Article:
Snowboarding has been a favorite winter activity of mine for many years. It allows you to be close to nature and is one of the few physical activities where it’s okay to drink while you’re doing it. This applies to skiing as well, but I made that switch from skis to board in my early teens. Skiing is cool too, it’s just not for me anymore. It just seems kind of uptight and haughty. There’s something about the laid back, stoner attitude of snowboarding that attracted me at an early age. I am by no means a professional or expert in the sport, more of a casual long time rider, but I’ve been shredding pow for a good 17 years, so I thought I’d impart a few things I’ve learned on the mountain.
First things first. Find a friend that is already into snowboarding and borrow as much of their extra gear as you can. This will help you save some cash when it comes time to start renting stuff. If you’re really lucky they will have the whole set up and it will save you some serious money. Snowboarding is definitely not cheap and if you have to rent everything, along with buying a lift ticket, you’re going to be $150 in the hole before you’ve bought your bag of medical weed or hit the bar at the lodge.
Once you’ve sorted out your gear and ticket, it’s time to hit the snow. If you’re a first-timer then you better get to the bunny hill for a while to get your legs under you. Don’t be the dumbass who tries to hit the mountain for their first time out and breaks a leg getting off the lift, or hurts someone else. It’s going to take some practice to get a feel for the snowboard but you’ll get it. Remember to keep your knees bent and your back straight and be prepared for some growing pains in the form of a few bumps and bruises. If you’re lucky there’ll be some kind-hearted snowboarding soul who’ll show you some pointers out there. Maybe even take a lesson or two to get the fundamentals down. Either way, once you’ve learned the basics it takes practice to get comfortable, but it’s totally worth it.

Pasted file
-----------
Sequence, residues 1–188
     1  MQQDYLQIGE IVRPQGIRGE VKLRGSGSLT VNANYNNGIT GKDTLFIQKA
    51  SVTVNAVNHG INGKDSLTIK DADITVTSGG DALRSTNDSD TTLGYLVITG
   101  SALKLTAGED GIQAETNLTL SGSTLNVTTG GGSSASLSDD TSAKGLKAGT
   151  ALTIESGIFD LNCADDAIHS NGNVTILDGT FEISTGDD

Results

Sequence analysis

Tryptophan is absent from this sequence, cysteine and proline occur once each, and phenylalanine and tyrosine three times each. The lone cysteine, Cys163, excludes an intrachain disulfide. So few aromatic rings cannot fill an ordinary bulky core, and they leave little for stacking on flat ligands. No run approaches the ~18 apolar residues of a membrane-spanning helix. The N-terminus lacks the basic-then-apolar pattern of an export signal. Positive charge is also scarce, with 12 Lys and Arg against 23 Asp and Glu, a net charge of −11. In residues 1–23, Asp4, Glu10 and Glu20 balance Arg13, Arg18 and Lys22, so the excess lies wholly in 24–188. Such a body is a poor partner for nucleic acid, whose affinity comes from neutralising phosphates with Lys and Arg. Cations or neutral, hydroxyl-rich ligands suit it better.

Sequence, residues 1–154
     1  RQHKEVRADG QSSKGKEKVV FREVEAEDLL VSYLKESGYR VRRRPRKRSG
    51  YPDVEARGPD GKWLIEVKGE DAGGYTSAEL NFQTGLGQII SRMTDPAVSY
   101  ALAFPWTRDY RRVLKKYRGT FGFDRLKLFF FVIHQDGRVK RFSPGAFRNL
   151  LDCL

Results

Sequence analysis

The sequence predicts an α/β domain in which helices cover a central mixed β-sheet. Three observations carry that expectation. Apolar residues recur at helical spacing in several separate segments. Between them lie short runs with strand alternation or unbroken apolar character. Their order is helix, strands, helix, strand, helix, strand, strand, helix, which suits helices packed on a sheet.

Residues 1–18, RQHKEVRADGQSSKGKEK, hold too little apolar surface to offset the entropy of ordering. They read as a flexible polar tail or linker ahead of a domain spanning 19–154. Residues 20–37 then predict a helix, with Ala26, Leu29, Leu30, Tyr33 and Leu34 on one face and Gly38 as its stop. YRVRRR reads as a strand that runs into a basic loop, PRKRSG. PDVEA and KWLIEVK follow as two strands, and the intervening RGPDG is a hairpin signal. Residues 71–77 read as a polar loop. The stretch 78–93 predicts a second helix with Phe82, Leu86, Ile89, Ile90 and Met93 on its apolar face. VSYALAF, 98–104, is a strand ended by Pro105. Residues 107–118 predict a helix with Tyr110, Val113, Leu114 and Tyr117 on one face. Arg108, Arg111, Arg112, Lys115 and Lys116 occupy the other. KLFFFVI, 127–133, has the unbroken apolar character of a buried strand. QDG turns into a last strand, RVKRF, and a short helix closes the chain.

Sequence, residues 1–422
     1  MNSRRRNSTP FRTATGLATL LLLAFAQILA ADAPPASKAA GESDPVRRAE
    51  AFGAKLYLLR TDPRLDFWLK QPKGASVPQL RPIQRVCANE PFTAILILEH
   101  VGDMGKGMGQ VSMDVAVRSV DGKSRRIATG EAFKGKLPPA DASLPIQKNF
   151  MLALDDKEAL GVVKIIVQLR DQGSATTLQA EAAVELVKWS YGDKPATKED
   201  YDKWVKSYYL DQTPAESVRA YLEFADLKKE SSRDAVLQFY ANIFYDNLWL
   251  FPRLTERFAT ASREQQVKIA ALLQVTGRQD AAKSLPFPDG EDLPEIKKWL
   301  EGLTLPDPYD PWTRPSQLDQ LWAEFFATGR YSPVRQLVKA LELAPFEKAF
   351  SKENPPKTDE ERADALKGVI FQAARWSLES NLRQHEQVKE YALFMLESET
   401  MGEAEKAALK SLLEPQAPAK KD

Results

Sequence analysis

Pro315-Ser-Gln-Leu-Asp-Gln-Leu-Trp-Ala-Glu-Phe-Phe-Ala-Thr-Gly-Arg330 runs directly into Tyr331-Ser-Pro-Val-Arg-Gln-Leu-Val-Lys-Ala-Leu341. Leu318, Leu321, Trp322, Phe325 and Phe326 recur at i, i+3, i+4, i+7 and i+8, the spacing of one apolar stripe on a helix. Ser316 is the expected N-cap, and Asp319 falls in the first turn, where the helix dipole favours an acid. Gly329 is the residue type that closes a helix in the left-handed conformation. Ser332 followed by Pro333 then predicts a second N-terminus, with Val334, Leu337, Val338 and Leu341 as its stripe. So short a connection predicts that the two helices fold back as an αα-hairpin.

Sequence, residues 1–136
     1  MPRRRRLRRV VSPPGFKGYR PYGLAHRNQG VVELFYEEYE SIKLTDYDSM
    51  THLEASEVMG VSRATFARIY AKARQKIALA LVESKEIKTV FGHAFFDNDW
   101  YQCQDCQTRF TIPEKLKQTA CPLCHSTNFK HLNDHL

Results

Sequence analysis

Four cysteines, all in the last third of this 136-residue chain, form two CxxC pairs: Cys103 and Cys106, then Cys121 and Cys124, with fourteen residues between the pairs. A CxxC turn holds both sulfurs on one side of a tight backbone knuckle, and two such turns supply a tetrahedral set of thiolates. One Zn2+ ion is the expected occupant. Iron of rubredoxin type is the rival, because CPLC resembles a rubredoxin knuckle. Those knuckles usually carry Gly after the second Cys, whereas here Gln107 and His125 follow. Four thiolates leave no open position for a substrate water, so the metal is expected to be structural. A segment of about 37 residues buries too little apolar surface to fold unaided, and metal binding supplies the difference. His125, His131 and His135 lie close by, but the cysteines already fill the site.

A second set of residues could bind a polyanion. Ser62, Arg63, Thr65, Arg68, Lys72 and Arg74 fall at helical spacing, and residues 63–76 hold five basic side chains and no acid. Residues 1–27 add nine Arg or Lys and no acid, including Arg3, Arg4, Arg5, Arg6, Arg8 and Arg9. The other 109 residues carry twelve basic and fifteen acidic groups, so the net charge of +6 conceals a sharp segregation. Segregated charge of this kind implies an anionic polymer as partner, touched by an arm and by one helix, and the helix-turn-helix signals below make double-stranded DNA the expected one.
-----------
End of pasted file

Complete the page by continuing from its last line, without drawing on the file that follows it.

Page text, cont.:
So what happens after you’ve begun to figure it out? Well, I guess that’s all up to you. I like to break up the day by hitting the bar up every 3 or 4 runs down the mountain. Snowboarding is a do what you feel kind of thing. Me personally, I stick to cruising down the mountain, or maybe sometimes hitting some fresh powder in the trees (not recommended for beginners). I’ve never really been into the park stuff, like jumps and rails. I always liked to chill and enjoy the ride down the mountain, and I feel like I might be too old now to get into it at this point. I’m not trying to tear an ACL or something, but if you feel like you might want to get into it then you should try it out. Just make sure to start small and have a spotter with you in case you crack your head open or something. You should probably also get a helmet, which I’m totally guilty of not doing. But you shouldn’t follow my example anyways.
So that’s pretty much the deal. Now go and load your phone up with some good music and enjoy a day on the mountain. For me snowboarding is about letting go and getting away. When you’re out there flying downhill with the wind blowing in your face, it can be a liberating experience. It’s a good way to forget your worldly troubles and truly live in the moment. The most important thing however, is to enjoy yourself, and only you know how to do that. So take it at your own speed and don’t try to impress anyone. Just be yourself and it will be a positive experience.
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